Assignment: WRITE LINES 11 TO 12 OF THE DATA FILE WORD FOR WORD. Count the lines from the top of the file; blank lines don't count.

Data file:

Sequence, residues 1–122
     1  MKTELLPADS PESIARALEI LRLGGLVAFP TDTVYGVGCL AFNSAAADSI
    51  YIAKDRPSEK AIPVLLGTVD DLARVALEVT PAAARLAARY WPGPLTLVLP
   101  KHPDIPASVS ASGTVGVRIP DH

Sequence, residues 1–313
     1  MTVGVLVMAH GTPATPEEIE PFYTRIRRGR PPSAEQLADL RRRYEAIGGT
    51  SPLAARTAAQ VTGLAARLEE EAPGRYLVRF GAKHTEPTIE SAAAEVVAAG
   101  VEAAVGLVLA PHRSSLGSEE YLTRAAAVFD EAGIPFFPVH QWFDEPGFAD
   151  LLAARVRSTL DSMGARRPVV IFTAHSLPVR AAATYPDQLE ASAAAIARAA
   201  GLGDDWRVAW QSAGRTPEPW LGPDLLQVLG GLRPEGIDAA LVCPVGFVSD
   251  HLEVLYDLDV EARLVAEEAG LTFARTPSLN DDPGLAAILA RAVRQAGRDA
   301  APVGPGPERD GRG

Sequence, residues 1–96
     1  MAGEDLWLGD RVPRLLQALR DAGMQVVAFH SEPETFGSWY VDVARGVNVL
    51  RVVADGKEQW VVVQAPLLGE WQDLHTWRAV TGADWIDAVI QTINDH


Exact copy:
   251  HLEVLYDLDV EARLVAEEAG LTFARTPSLN DDPGLAAILA RAVRQAGRDA
   301  APVGPGPERD GRG